Modern refrigerators are vast improvements over those of the distant past. However, in their effort to maximize interior volume, manufacturers have created another problem - the closely spaced condenser coils provide little access for cleaning. And that assumes you are lucky enough to have a model that provides a front access panel. Many models don't even have this feature, requiring that the refrigerator be emptied and moved to gain access to the coils for cleaning. And they do need cleaning as shown in figure 1. The dust buildup blocks airflow as well as insulates which decreases the efficiency of the unit, lowers its performance and increases its operating cost. Note that my refrigerator has a diagonal connecting tube in front which blocks access by conventional vacuum attachments. (Thanks Amana, I really do appreciate that design decision.) Some people just vacuum the front of the coils, but this does nothing to address all the dust that extends several feet to the back. Other people use special cleaning brushes that are made for this task, but these products don't remove the dust. They merely loosen it, making a nice mess which has to be contained and cleaned up.
Figure 1: Dirty refrigerator coils.
There are commercial vacuum attachments such as the SCG Wonder Wand, but this is 3/4" thick and I required something no more than 1/2" thick. I am also aware of the "Get Organized! Dryer Vent Vac" which is available at Amazon as well as on Ebay. However, people have complained that the rubber hose of the Dryer Vent Vac tends to have creases and kink. Lastly, there is the RepairClinic.com Vacuum Cleaner Attachment For Condenser And Dryer Cleaning, which they tell me is between 1/4" and 1/2" thick. This looks like a pretty good design, but the large open area at the end might not allow you to clean all the way to the end of the tip. So, I decided to build my own. It took me awhile to find a suitable tube with a rectangular cross section. At my local building supply store, I noticed a 5 foot long, 1 1/4" wide, and 7/16" thick plastic channel used to cover on-wall wiring, Wiremold model NMW1 (available at Amazon). This plastic channel, a 1" PVC pipe end cap (note that a 1" PVC pipe is actually 1.315" in outside diameter) and a tapered shop vac nozzle (that fits a 1 1/4" shop vac hose) is all that is needed (figure 2).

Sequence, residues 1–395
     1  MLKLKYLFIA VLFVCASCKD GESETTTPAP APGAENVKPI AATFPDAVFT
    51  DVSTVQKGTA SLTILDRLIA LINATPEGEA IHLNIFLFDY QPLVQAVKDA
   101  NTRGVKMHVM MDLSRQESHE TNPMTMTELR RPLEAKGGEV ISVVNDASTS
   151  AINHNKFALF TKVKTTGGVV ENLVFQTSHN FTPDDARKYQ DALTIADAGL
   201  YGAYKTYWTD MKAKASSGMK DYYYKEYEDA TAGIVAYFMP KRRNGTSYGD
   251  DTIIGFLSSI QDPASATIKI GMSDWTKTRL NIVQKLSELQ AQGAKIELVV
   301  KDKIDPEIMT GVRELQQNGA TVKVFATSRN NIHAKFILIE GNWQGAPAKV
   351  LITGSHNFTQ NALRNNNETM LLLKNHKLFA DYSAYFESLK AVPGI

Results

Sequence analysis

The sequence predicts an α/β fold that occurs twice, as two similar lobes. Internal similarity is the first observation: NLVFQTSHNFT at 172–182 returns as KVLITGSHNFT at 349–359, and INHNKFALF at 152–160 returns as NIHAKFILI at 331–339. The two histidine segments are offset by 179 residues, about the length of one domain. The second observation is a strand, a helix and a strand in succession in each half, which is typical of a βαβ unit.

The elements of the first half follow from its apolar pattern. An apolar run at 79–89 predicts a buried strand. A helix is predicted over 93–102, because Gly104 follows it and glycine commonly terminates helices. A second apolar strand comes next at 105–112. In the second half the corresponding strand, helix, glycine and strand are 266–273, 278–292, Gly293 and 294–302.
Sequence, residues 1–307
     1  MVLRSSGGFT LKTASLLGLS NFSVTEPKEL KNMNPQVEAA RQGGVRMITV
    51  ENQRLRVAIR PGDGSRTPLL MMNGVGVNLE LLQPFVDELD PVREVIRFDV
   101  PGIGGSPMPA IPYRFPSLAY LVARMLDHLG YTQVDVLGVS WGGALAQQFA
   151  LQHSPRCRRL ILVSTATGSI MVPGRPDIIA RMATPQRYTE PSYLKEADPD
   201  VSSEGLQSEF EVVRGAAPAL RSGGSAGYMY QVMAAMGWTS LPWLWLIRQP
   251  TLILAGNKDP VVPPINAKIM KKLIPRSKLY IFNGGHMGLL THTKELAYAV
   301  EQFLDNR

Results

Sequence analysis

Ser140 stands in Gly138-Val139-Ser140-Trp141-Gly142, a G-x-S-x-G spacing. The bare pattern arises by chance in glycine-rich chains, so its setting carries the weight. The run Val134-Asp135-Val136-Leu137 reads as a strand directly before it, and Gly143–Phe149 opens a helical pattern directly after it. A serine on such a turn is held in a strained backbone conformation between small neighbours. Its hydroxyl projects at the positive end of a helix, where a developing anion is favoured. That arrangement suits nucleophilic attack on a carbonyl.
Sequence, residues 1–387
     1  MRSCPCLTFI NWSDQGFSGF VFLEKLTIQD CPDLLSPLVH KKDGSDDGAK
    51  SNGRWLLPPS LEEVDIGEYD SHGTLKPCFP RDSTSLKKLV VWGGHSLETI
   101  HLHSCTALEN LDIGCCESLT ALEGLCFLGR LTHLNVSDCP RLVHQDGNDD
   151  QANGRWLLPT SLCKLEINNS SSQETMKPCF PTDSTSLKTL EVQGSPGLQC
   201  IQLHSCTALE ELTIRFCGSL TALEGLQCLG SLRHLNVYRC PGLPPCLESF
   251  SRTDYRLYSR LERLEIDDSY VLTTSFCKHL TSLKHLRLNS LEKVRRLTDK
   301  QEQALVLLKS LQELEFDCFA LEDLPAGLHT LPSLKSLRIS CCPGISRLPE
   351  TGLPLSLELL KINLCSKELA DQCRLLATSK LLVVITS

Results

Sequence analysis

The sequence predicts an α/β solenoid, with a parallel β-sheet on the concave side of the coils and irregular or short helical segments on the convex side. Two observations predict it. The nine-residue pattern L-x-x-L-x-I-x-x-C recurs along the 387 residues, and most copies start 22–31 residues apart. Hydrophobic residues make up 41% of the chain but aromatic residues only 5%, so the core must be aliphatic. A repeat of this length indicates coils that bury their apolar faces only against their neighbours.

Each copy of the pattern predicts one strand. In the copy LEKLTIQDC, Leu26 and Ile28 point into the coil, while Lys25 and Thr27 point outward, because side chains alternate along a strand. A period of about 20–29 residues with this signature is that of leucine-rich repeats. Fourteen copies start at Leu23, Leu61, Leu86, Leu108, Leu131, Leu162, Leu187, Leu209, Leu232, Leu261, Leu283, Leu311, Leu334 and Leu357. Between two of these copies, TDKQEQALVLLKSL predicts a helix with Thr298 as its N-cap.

Figure 2: Parts needed - a 1in PVC pipe end cap, tapered shop vac nozzle and plastic cable channel.
The plastic channel consists of two halves that snap together. Perhaps a small amount of vacuum leakage will result from this design, but not enough to affect performance. I did not cut the channel shorter in case I ever want to use it for other tasks that require greater reach such as cleaning under beds. However, something this long can be awkward to handle, requiring frequent repositioning of the vacuum cleaner and/or a longer hose length when the nozzle is fully backed out away from the refrigerator. Also, remember that you will need an open space at least as long as the channel in front of the refrigerator. The added length did not seem to adversely affect the flow rate, at least not in my case. Understand that an attachment with this small of a cross sectional area will require patience to use and several "scanning" passes as it cleans only about a 1" wide strip at a time.
It may be acceptable to use the end of the channel as-is. However, I wanted a 90 degree downturn so that the suction will be directly against the coils. I cut the end of the "top" ("outer") channel half as shown in figure 3, where the "bottom" ("inner") half of the channel is facing the camera.
Figure 3: Cutting the end of the plastic channel.